SIESTA KEY, Fla. (July 20, 2018) – Victoria Henkel became more aware of her father’s beach volleyball cred when he was featured in a video at a big tournament.
“He doesn’t really talk about his beach volleyball career, but when we went to the FIVB event in Long Beach, they showed a video of him and Karch and Sinjin playing,” Victoria said. “It was cool to see my father play, all fit and stuff.”
Victoria Henkel’s father, Carl, finished fifth with partner Sinjin Smith when beach volleyball made its Olympic Games debut in 1996 in Atlanta. After graduating from Mira Costa High School in Manhattan Beach in 1987 and UCLA in 1991, Carl Henkel was a regular on the AVP and FIVB tours until the early 2000s.
A few years and a few (really, not that many) pounds later, the Whittier Law School graduate is working as a real estate broker and still plays in the occasional four-man beach tournament and indoors with a masters’ team.
He moonlights as Victoria’s volleyball coach, both indoor and beach.
This week, the two traveled from Southern California to compete with the Sunshine Volleyball Club at the USA National Beach Tour – Junior Beach National Championships in Siesta Key.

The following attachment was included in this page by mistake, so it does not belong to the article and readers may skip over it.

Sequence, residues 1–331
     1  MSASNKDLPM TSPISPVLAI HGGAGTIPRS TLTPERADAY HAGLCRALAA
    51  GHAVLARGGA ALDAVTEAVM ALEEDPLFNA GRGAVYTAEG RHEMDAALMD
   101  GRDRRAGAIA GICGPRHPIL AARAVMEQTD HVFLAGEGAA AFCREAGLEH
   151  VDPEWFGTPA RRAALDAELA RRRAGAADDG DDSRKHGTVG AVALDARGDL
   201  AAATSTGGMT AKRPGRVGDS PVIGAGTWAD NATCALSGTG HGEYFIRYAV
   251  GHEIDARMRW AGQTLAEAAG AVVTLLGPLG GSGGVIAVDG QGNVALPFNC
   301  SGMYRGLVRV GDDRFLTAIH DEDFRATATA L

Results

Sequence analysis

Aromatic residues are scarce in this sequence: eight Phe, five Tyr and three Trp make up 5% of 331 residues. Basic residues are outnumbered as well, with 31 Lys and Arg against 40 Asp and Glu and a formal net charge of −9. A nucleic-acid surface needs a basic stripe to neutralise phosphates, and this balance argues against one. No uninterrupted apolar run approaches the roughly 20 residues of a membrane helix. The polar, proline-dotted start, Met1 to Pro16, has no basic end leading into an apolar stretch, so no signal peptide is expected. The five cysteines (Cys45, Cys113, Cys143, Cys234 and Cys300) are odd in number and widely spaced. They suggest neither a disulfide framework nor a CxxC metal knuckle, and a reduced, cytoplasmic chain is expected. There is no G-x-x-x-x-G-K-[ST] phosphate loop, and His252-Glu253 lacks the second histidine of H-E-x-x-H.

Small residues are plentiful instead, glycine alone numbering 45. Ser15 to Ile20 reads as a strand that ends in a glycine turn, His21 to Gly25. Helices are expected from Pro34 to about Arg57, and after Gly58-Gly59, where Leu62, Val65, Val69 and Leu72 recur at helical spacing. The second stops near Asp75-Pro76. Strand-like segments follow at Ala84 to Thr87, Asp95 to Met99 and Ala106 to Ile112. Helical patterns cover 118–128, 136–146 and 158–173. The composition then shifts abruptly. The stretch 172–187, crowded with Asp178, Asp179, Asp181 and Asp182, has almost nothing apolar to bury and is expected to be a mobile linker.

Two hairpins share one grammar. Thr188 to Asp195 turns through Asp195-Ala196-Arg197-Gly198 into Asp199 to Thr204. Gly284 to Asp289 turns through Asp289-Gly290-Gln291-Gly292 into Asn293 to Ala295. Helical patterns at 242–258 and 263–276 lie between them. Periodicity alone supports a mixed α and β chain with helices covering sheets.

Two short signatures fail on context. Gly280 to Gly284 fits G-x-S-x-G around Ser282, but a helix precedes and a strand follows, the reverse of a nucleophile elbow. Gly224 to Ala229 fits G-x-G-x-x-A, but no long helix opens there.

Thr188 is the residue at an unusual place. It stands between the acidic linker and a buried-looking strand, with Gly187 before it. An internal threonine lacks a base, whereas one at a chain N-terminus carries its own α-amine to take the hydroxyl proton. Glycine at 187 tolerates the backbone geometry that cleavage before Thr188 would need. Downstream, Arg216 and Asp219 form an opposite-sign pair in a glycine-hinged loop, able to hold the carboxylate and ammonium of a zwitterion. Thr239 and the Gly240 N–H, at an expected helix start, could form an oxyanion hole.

Victoria, who is 12, is playing in the 12U division, which is competing along with the 16U division on July 19-21. On July 22-24, the 14U and 18U divisions will take over. More than 300 athletes are expected to compete over the course of the tournament.
“It’s an interesting dynamic,” Carl Henkel said of being Victoria’s father and coach. “I can be a little rough around her with how competitive I am.
“She asked me to coach her, which is weird because I am super intense. I am ultra-competitive.”
Victoria said she may have acquired a some of her father’s tenaciousness.
“I kind of want to be a lawyer,” she said. “My mom always said, ‘You’re a very good negotiator. You should become a lawyer.’”
But before her law career, Carl Henkel would like Victoria to see the opportunities that could open for her if she continues to play volleyball, which she said she wants to do. Those opportunities are on display in Siesta Key as college beach volleyball coaches patrol the courts hoping to recruit new women’s players.
He would also like to see the sport better promoted at the professional level.
“The promotion is somewhat similar to when I stopped playing,” he said. “It hasn’t grown as much as we would have liked.
“Hopefully it can catch fire again and find a place in America’s heart, which I think it’s doing little-by-little. Events like this can help get it in the minds of the parents of America. We’ll see. The future seems bright, but it always seems bright.”